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Old 17-05-2012, 11:32   #1
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St Lawrence Seaway Passage

We are going through the St Lawrence later this summer, heading into Lake Ontario, with a 37' sailboat. I have a guide with the distances, but I'm wondering how much time I should give myself to make the trip from Montreal to Kingston, given all the locks. What would be a good schedule for a transit, given that we motor along at 6-7 kts? Also, what should be know about customs/immigration given that it is a combination of Canadian and American waters (we are Canadian)?
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Old 17-05-2012, 14:01   #2
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Quote:
Originally Posted by jadamsson
We are going through the St Lawrence later this summer, heading into Lake Ontario, with a 37' sailboat. I have a guide with the distances, but I'm wondering how much time I should give myself to make the trip from Montreal to Kingston, given all the locks. What would be a good schedule for a transit, given that we motor along at 6-7 kts? Also, what should be know about customs/immigration given that it is a combination of Canadian and American waters (we are Canadian)?
Don't know about time table but we had nexus passes for every one on boat and registered boat with nexus, this allows you to phone in to clear on both sides. We flew a Q flag for thirty minutes after docking and no one showed up on either side. Then we were free to leave. We cris crossed between US a d Canada. Highly recommend Nexus on Seaway or Great Lakes. Costs is 50 per person and an hour for an interview. Takes about a month. But you get way less attitude and hassle plus. If you do cross by car, you get that special lane with minimum wait.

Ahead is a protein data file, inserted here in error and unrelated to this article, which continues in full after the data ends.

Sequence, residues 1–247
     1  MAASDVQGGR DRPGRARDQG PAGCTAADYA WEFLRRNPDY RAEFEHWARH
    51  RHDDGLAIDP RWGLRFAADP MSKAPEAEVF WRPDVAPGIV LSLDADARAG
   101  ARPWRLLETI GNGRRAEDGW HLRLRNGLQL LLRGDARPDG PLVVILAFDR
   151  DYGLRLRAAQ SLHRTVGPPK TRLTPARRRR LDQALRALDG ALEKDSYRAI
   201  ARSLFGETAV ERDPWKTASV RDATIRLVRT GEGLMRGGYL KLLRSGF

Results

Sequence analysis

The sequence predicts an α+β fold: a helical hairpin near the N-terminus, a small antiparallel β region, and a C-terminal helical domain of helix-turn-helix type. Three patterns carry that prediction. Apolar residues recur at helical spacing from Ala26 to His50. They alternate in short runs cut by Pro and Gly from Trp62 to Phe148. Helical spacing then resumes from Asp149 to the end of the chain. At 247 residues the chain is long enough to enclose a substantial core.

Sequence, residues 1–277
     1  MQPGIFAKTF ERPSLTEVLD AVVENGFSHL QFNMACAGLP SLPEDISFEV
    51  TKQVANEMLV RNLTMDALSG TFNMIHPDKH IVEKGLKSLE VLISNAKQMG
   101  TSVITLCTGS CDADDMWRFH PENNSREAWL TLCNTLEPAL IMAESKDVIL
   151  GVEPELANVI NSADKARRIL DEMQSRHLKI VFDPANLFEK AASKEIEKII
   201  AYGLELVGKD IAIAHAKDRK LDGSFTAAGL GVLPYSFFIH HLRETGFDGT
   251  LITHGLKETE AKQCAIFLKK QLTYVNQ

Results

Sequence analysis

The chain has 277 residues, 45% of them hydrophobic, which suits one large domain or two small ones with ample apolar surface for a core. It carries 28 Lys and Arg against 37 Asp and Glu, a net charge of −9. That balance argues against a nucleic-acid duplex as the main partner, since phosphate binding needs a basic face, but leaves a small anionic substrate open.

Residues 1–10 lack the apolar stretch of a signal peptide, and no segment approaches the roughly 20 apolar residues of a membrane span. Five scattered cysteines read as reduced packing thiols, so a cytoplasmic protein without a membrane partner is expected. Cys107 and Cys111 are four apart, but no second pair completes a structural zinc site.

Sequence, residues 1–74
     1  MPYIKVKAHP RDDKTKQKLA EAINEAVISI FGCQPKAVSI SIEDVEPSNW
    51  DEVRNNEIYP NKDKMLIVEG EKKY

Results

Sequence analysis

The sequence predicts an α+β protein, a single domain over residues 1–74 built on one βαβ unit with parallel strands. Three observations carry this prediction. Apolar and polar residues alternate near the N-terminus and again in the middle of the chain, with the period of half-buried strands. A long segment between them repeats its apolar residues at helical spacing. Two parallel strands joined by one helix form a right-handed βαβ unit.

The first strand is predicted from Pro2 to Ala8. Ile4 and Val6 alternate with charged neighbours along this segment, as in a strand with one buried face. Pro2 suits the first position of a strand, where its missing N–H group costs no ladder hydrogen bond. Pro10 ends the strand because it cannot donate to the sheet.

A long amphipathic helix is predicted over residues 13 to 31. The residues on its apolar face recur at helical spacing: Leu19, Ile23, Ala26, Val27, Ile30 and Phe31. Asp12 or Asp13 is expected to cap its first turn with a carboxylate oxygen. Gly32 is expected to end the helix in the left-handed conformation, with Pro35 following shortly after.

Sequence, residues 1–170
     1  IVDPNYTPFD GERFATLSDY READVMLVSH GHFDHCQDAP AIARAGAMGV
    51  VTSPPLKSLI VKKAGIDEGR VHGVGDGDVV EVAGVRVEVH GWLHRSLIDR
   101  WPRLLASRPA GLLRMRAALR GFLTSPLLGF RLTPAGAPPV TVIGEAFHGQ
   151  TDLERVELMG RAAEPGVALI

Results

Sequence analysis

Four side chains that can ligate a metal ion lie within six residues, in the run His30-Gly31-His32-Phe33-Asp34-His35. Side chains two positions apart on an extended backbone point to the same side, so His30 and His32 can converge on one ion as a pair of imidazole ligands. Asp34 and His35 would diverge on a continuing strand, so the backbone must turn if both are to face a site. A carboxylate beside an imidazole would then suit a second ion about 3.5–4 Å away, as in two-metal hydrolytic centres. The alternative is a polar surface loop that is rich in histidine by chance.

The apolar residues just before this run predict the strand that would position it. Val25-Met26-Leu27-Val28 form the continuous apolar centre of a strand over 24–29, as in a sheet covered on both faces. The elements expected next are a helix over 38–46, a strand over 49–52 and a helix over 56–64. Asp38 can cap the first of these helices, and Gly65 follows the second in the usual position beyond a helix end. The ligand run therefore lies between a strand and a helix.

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Old 18-05-2012, 07:15   #3
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Re: St Lawrence Seaway Passage

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Don't know about time table but we had nexus passes for every one on boat and registered boat with nexus, this allows you to phone in to clear on both sides. We flew a Q flag for thirty minutes after docking and no one showed up on either side. Then we were free to leave. We cris crossed between US a d Canada. Highly recommend Nexus on Seaway or Great Lakes. Costs is 50 per person and an hour for an interview. Takes about a month. But you get way less attitude and hassle plus. If you do cross by car, you get that special lane with minimum wait.